DVD Review: Melvin
Studio: 531 Productions
DVD Release Date: 2009
Directed By: Henry Weintraub
Cast: Leif Fuller, Patrick O’Driscoll Lilly Maher
Review By: Marc Patterson
High school. Two soul crushing words and I’ve said enough. Enter a classic nerd by the name of Melvin getting bullied by everyone from tattooed cheerleaders to punk rockers. Now I’ve probably said too much. You can see where this is going can’t you? Melvin is bullied to the point of no return, except that’s the exactly conundrum at hand. Melvin is pushed past that point, killed by his tormentors, and does indeed return, but through the body of another pathetic geek who goes by the name of Norton. Now it’s payback time.
Melvin is a short running brainless romp of b-cinema combining elements from Revenge of the Nerds, Night of the Living Dead, with a little Return of the Living Dead mixed in for the right level of stupid fun. It even manages to pack in plenty of schlocky gore reminiscent of such old 80’s gore-fests as Pieces. If one thing is guaranteed, it’s that plenty of the red gets spread here. It wouldn’t be a long shot to call Melvin a tribute film on multiple levels. It even features a great synth-filled soundtrack that alludes to said 80’s cheeseball horror and with interlaced snippets of a fake grindhouse film “Night of the Driller” the various nods to old time horror cinema are made complete, creating a lowbrow, yet thoroughly entertaining B Movie extravaganza. However, Melvin isn’t without its share of hang-ups that make this otherwise enjoyable occasion a bit of a messy affair.
Foremost, the film takes a basic “horror 101” revenge story formula and intersperses it with flashback sequences that fail to prominently announce, or show themselves as true flashbacks, which causes significant viewer confusion right out of the gate. For a film of such a simple nature these annoyances would have been best relegated to the cutting floor, or at least presented in a more “braindead” linear fashion. B Cinema should never over think anything. Though one could argue fairly that this is a seemingly small oversight the problem becomes rather big as once you’ve caused your audience to question what’s happening on screen you’ve lost them completely.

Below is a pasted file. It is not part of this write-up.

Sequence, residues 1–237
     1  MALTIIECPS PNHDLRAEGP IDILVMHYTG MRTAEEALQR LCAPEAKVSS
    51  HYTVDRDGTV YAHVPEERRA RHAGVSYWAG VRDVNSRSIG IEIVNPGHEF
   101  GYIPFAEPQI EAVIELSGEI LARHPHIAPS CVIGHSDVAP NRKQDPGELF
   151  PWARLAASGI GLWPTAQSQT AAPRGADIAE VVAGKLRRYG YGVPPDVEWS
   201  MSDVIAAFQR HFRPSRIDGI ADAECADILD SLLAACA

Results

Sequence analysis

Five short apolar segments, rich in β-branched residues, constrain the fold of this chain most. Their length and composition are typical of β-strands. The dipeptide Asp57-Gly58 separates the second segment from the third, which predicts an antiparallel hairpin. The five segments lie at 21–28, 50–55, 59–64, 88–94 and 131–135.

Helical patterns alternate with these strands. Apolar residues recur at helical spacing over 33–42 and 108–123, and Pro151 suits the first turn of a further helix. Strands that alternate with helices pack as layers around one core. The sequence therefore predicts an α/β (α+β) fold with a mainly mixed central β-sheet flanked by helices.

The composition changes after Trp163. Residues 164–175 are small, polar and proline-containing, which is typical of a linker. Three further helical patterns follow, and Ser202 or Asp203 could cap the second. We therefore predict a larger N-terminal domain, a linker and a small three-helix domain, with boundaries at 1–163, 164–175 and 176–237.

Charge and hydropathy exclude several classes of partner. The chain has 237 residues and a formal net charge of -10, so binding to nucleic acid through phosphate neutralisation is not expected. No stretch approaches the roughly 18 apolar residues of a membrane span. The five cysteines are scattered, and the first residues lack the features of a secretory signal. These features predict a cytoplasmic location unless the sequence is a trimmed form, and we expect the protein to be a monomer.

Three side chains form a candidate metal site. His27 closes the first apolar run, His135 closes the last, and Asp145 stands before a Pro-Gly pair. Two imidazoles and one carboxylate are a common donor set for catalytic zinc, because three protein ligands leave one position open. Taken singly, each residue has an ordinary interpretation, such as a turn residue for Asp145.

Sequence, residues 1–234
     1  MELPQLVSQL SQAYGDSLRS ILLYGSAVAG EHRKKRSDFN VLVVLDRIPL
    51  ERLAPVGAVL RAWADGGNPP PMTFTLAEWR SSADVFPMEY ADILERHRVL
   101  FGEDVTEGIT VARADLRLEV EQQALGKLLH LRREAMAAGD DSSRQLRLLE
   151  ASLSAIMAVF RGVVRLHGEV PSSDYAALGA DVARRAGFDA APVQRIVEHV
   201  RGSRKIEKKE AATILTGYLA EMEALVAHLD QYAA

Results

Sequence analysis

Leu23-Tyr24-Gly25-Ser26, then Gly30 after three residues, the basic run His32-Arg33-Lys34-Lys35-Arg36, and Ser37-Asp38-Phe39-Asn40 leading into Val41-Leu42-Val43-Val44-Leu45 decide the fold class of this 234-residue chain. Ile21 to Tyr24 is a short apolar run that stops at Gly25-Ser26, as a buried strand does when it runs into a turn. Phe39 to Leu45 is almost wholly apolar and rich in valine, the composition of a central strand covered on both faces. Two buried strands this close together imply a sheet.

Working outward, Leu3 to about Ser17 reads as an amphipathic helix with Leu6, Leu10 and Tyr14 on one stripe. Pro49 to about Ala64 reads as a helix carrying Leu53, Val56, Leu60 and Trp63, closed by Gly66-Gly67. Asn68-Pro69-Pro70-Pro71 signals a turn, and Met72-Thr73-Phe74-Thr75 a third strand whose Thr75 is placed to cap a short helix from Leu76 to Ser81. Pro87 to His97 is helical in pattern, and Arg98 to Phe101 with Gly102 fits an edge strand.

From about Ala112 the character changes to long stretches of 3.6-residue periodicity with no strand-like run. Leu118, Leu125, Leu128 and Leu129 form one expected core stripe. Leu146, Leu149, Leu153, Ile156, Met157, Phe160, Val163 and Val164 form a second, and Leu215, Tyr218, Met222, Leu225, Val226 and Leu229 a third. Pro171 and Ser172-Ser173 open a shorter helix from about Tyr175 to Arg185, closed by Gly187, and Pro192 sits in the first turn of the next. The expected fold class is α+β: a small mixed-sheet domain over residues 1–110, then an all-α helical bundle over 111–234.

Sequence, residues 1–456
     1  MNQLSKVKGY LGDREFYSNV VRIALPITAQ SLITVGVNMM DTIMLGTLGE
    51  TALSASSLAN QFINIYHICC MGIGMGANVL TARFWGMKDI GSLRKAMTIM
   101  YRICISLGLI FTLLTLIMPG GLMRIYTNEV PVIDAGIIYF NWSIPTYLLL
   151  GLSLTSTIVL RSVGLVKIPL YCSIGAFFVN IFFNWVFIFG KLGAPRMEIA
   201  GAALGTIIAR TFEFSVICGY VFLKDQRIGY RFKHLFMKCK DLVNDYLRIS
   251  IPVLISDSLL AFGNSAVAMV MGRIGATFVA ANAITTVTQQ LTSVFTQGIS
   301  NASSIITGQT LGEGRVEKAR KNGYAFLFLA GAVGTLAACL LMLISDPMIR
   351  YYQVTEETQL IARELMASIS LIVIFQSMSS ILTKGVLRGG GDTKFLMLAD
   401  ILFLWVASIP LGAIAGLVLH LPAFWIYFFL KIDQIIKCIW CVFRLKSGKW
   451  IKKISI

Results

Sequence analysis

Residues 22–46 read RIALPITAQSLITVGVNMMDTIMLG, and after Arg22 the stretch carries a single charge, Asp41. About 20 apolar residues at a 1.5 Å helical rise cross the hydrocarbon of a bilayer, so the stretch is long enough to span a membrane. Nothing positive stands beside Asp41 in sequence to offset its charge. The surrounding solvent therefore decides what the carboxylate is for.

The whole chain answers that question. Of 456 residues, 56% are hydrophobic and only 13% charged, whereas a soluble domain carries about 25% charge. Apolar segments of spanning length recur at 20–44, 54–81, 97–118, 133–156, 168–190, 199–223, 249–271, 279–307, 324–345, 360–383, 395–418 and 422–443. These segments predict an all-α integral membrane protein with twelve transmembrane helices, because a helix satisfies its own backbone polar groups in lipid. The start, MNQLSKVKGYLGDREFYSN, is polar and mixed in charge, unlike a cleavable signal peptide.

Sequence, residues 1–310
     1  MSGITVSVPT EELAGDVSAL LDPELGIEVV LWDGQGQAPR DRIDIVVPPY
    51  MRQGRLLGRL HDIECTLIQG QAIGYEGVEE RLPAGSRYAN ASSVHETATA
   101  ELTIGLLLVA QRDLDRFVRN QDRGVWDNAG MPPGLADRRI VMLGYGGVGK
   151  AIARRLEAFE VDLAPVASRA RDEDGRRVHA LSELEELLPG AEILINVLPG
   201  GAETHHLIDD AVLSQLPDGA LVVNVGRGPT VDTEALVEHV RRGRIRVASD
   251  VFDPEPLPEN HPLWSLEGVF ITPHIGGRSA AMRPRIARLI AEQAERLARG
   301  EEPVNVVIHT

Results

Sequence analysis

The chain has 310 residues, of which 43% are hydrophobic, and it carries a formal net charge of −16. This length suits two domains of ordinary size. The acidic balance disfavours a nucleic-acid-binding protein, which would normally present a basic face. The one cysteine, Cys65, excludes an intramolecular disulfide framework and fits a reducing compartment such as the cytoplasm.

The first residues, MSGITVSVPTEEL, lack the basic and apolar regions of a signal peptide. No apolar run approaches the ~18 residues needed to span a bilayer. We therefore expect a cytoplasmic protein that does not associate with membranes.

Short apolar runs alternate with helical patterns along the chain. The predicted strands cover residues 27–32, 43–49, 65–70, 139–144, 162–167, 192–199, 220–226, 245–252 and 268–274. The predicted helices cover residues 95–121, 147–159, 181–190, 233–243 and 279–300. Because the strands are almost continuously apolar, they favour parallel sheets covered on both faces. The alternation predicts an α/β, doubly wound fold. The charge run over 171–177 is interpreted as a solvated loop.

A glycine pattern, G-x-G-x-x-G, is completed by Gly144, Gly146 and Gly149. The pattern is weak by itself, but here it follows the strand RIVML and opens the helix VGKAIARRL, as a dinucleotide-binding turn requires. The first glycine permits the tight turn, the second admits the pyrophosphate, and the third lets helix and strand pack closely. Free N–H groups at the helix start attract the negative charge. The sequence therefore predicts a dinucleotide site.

The characters are also excruciatingly dumb and unlikeable, but that’s par for course in films such as this. However, even the female lead Wendy, Melvin’s older sister, who has the most endearing and likeable qualities comes off as a bit of a knucklehead. It’s too bad, because she really was my favorite. The film is chock full of this sort of tomfoolery. Punks that act more like jocks, cheerleaders who are tattooed and clearly too old for high school, and nerds who are unbelievably… well nerdy. It’s a plethora of characters so over the top you can’t help but enjoy it on the most superficial of levels, and that’s really the key point here. Don’t take anything seriously. Doing so will only lead to disappointment.
But let’s get back to the fun. Sure the film is veritable mess, and yeah it’s utterly stupid, but thanks to its relatively slick production values that are well above what one might expect from no-budget filmmaking you’ve got a bit of zombie cinema that manages to thoroughly entertain in a low brow 80’s splatter-fest kind of way. And sometimes, after a really shitty day in the cube farm, a jaunt with some dumbed down horror is exactly the thing that’s needed.
Brutal As Hell Rating:
3 out of 5